Mercy Regional Health Center
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Myelogram

What is a myelogram?
What happens during the exam?
How should I prepare for the procedure?
What should I wear?
What happens after the test?
What are the risks?
How long does the exam take?
Will I be able to feel the exam?
When is this exam given?


What is a myelogram?
A myelogram is a procedure that involves placing a needle into the spinal canal and injecting iodine containing contrast agent into the sac that contains the spinal cord and nerve roots, and then taking images.

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What happens during the exam?
A needle is placed in the lower back (lumbar region) or occasionally in the neck (cervical region). The area for needle placement is localized using imaging guidance. The radiologist will administer local anesthesia. Since the needle tip is in a location near the nerve roots, you may briefly experience symptoms such as pain or an electric shock sensation down the leg; if this happens, the needle position will be adjusted.

A small amount of cerebrospinal fluid is removed and sent to the laboratory for analysis. Contrast is injected, multiple x-ray images are obtained, and the needle is removed. A series of x-ray pictures is obtained. A CT scan is routinely performed after the myelogram to provide additional information. You will be awake during the procedure and are free to ask questions.

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How should I prepare for the procedure?

  • Certain medications should not be taken because they lower the seizure threshold. If you are on any such medications, please consult your physician before the procedure. If you are taking any anti-depressant medications (e.g., phenothiazines, MAO-inhibitors, tricyclic anti-depressants), Zyban (for smoking cessation), anti-psychotic medications, CNS stimulants, muscle relaxants or any other medication that lowers the seizure threshold, please inform your doctor well before the procedure so that these medications can be stopped at least 48 hours before the procedure and resumed no earlier than 24 hours after the procedure.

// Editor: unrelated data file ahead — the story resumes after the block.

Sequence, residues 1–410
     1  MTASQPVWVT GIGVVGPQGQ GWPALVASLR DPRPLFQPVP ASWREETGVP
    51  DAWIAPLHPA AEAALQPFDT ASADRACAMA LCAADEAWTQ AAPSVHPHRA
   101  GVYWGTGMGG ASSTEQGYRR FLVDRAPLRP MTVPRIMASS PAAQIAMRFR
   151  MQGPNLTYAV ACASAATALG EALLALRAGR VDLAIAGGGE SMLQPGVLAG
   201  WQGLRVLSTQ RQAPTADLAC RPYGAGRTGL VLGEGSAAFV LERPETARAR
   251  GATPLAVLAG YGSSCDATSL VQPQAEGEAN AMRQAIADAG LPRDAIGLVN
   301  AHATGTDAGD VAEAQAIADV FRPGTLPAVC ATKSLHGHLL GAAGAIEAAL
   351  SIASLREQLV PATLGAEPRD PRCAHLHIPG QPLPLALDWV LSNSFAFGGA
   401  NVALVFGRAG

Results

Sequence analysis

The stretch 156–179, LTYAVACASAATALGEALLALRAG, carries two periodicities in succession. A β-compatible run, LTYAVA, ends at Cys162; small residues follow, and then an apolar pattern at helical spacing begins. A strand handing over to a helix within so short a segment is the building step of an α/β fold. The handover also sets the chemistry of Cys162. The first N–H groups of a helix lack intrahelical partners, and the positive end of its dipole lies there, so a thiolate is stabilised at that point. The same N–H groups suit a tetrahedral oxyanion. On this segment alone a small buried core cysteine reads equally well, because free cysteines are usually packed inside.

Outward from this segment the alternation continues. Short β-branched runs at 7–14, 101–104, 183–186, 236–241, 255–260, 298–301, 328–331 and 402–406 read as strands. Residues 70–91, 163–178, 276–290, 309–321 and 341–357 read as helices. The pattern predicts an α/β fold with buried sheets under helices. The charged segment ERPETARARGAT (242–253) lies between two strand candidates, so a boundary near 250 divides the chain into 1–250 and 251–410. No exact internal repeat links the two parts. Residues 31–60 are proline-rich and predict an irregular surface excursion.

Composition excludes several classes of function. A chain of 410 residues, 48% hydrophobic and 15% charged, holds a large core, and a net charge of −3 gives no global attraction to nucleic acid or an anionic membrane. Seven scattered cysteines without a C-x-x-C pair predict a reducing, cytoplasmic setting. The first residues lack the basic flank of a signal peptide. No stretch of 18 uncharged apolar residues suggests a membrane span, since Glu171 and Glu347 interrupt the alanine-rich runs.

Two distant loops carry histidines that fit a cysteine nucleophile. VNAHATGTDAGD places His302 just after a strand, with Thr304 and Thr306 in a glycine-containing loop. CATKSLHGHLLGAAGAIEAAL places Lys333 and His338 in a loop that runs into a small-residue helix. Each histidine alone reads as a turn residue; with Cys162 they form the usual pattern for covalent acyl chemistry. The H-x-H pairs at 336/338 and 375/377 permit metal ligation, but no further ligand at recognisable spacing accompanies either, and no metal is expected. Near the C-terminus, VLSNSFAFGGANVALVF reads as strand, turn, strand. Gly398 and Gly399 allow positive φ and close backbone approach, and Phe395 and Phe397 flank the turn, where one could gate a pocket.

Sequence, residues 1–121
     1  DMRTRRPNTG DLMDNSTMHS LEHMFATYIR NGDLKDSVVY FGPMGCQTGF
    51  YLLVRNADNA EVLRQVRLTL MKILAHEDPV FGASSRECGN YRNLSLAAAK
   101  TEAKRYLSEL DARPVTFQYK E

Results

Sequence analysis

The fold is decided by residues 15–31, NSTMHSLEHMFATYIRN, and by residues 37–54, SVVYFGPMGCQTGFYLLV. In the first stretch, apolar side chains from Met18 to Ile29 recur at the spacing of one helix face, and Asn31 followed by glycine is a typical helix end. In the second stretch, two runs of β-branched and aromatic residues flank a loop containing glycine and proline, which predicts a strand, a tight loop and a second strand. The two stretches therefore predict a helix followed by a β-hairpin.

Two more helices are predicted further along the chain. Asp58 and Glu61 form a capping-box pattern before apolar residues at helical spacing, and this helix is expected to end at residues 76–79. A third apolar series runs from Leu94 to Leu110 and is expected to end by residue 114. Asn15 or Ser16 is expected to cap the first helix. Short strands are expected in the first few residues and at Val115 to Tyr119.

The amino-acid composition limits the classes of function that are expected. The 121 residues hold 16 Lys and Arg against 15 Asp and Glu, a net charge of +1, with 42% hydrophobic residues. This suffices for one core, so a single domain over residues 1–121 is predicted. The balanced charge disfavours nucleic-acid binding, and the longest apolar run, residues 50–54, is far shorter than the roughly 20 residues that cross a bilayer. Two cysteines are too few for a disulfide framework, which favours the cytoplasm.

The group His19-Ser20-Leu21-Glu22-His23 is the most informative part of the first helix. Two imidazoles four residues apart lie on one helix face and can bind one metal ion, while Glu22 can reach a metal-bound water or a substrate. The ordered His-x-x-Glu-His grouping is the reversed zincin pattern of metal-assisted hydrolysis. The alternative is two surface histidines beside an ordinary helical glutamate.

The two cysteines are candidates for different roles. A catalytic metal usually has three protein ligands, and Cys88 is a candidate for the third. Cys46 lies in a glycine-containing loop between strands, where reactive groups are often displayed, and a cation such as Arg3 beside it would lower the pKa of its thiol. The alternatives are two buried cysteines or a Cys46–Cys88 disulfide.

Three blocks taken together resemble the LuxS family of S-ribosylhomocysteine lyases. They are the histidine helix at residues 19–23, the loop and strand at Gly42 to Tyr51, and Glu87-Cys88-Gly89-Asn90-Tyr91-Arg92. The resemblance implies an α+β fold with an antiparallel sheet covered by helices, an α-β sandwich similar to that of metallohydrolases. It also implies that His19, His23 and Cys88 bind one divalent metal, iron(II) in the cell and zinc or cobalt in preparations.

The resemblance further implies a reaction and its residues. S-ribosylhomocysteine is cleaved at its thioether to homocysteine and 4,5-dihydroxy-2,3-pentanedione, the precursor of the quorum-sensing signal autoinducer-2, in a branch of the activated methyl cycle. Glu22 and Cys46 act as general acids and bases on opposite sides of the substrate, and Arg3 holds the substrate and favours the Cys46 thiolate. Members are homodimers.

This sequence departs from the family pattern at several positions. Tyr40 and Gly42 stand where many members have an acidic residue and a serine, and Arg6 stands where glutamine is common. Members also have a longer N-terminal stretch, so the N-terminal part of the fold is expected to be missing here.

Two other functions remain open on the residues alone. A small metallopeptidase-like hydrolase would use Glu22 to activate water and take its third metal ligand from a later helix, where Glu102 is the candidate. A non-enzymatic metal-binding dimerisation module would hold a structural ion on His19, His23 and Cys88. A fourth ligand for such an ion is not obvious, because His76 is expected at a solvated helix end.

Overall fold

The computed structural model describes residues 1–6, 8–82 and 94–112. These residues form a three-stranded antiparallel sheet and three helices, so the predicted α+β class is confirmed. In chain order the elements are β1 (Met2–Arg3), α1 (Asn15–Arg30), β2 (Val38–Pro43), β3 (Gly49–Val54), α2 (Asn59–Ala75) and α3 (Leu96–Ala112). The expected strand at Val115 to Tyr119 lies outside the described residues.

• A nurse will call you before the procedure to check whether you are on any of these medications and to give you instructions for the procedure. Your physician will decide if it is alright for you to stop these medications and how long they should be withheld.
  • You cannot eat or drink ANYTHING after midnight the night before your test. This means no breakfast the morning of your exam.
  • Other than those outlined above, you should take your medications on the day of the procedure. You should not have any caffeine or alcohol on the day of the procedure.

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What should I wear?
Most patients are asked to wear a hospital gown. You will also need to remove all jewelry.

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What happens after the test?
You will be placed on bed rest with your head elevated for 24 hours to decrease the risk of headache. You will be encouraged to drink plenty of fluids over the day of the procedure. Mild soreness at the site of the lumbar puncture is expected and usually lasts only hours or, on rare occasions, one to three days.

You will be observed for several hours after the contrast is injected and then discharged if there are no immediate complications. Please have someone to accompany you on your travel home. Headache is not an uncommon complication and may occur immediately after the procedure or within hours and can last from hours (usually) to days.

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What are the risks?
Whenever a needle is placed through the skin, there is a risk of introducing bacteria that can cause infection. Sterile technique and sterile equipment are used to minimize the possibility of introducing infection. The risk of infection as a complication is very low. If you experience continued swelling, redness, or fever and chills after the procedure, be sure to contact your doctor for an evaluation.

There may also be some bleeding and soreness at the site of needle placement. This is not unusual and normally lasts just a few hours, but may last as long as a few days.

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How long does the exam take?
After you've checked in, the actual procedure lasts about one hour.

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Will I be able to feel the exam?
Since the needle tip is in a location near the nerve roots, you may briefly experience symptoms such as pain or an electric shock sensation down the leg; if this happens, the needle position will be adjusted.

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When is this exam given?
A myelogram provides detailed information about the spinal cord and the nerve roots. This information is valuable in helping your doctor make a diagnosis or plan the appropriate treatment to help relieve your symptoms.

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